Nearly a year after the Facebook and Cambridge Analytica scandal, the Government Accountability Office released a report on the lack of a comprehensive federal privacy law governing private companies’ collection, use or sale of user data. Its big conclusion was that...yea, it’d be a good idea to have a federal law that protects people. Who would’ve thought?
Luckily, a framework already exists as a road map to creating this desperately needed federal law. It’s known as the Fair Information Practices, or FIPs for short. FIPs includes eight, thorough recommendations to create comprehensive privacy protection and digital rights in the United States, including establishing fair and just data practices and accountability to counter bias and discrimination. It also goes after inequality with a provision to prohibit “Take it or leave it” terms of service. These terms require individuals with less means to waive their privacy rights in order to get a quality good or service for less or for free. The Electronic Privacy Information Center, known as EPIC, in addition to 15 other consumer, privacy and social justice organizations, have signed on to the FIPs framework.
And in February, EPIC, along with 40 civil rights, civil liberties and consumer groups, wrote a letter to Congress to specifically address data-driven discrimination. The letter outlined the critical importance for any privacy legislation created to be consistent with the “Civil Rights Principles for the Era of Big Data.” These five principles are: ending high-tech profiling, ensuring fairness in automated decisions, preserving constitutional principles, enhancing individual control of personal information, and protecting people from inaccurate data.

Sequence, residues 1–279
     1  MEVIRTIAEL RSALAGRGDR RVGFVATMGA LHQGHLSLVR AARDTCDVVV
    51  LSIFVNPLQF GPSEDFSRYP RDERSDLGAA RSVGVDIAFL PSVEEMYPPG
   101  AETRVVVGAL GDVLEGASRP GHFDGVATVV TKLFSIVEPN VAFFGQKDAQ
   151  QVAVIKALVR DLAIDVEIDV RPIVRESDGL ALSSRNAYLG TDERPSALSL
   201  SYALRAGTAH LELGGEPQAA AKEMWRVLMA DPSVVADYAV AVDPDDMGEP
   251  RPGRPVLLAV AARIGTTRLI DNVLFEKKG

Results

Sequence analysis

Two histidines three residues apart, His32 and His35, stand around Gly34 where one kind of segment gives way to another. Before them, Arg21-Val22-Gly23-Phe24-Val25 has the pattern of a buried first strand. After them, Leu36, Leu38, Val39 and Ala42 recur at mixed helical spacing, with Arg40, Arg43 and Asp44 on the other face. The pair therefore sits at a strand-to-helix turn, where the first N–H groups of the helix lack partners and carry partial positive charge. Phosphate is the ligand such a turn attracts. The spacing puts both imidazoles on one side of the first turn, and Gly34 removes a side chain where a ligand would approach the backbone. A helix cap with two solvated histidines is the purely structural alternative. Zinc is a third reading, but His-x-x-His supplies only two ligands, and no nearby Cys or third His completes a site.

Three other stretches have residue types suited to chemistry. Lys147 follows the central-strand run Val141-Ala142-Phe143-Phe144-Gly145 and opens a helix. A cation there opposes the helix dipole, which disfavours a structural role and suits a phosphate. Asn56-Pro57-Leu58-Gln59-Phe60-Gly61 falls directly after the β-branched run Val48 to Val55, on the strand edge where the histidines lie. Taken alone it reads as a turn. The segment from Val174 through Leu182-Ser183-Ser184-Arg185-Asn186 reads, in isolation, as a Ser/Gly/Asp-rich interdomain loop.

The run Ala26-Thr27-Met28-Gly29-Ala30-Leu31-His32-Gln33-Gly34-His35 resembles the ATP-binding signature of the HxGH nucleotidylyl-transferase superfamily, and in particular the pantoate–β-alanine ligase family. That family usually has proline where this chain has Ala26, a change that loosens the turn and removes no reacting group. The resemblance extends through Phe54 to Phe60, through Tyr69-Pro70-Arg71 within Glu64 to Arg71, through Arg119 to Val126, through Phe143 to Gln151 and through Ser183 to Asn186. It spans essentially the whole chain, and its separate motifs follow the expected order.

You can help demand the end of algorithmic bias and discrimination. Call your members of Congress to demand that FIPs and the 5 Civil Rights Principles are included in the creation of future U.S. privacy law.
Learn more about this issue by going to EPIC.org and searching for “Algorithmic Transparency” under their Privacy Campaigns. You can also go to The Leadership Conference on Civil and Human Rights site at civilrights.org and visit the "Media & Tech" page under the “Our Work” tab. On social media, check out the hashtag #DataDiscrimination and search for the term or hashtag “algorithmic bias.”
So, if making our technological world safer, transparent and discrimination-free is important to you, be sure to hit the share buttons to spread the word about Turning Two Frameworks for Fair and Just Data Practices into Federal Privacy Law via social media so that others in your network can spread the word too.
A comprehensive national standard for #privacy is needed - but it should be a baseline that gives states the room to innovate, as has historically been the case in federal privacy laws. #RealPrivacy #Privacy4All #DigitalRights4All https://t.co/QE0j1iJbKX pic.twitter.com/962DO8yL39— EPIC (@EPICprivacy) February 26, 2019
Five years ago, along with partners like @ColorOfChange, we spoke out about the importance of privacy and big data for communities of color, women, and other historically disadvantaged groups. Read our civil rights principles for the era of big data here: https://t.co/fluXsGer0I https://t.co/VIrB9nximQ— The Leadership Conference (@civilrightsorg) February 26, 2019
Tell Congress to Create a Federal Privacy Law using:
- Fair Information Practices (FIPs) | (Retweet it)
- Civil Rights Principles for the Era of Big Data | (Retweet it)
- EPIC's "Algorithmic Transparency" campaign
- The Leadership Conference on Civil and Human Rights' "Media & Tech" page
- Read the coalition letter to Congress
EDUCATE YOURSELF & SHARE
Discriminating algorithms: 5 times AI showed prejudice (NewScientist)
Even Kids Can Understand That Algorithms Can Be Biased (Scientific American, Roots of Unity Blog)
A.I. Could Worsen Health Disparities (NY Times)
What Women Know About the Internet (NY Times)
Posted April 19, 2018; Written by Best of the Left Communications Director, Amanda Hoffman
Hear the segment in the context of Best of the Left Edition #1266: Writing human bias into the code that runs our lives (Algorithms)